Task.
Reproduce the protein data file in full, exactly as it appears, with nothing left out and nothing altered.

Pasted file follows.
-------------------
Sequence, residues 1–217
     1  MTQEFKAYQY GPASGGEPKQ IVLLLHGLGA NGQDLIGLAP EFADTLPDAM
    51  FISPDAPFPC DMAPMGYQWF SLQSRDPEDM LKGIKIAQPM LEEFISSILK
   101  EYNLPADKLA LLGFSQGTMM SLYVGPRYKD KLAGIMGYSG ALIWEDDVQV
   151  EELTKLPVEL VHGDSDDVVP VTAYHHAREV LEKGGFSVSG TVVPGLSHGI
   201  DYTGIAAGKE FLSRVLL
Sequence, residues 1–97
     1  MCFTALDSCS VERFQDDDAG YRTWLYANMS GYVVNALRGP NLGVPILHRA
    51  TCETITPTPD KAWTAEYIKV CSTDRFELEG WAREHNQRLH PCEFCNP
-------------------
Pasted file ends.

Sequence, residues 1–217
     1  MTQEFKAYQY GPASGGEPKQ IVLLLHGLGA NGQDLIGLAP EFADTLPDAM
    51  FISPDAPFPC DMAPMGYQWF SLQSRDPEDM LKGIKIAQPM LEEFISSILK
   101  EYNLPADKLA LLGFSQGTMM SLYVGPRYKD KLAGIMGYSG ALIWEDDVQV
   151  EELTKLPVEL VHGDSDDVVP VTAYHHAREV LEKGGFSVSG TVVPGLSHGI
   201  DYTGIAAGKE FLSRVLL
Sequence, residues 1–97
     1  MCFTALDSCS VERFQDDDAG YRTWLYANMS GYVVNALRGP NLGVPILHRA
    51  TCETITPTPD KAWTAEYIKV CSTDRFELEG WAREHNQRLH PCEFCNP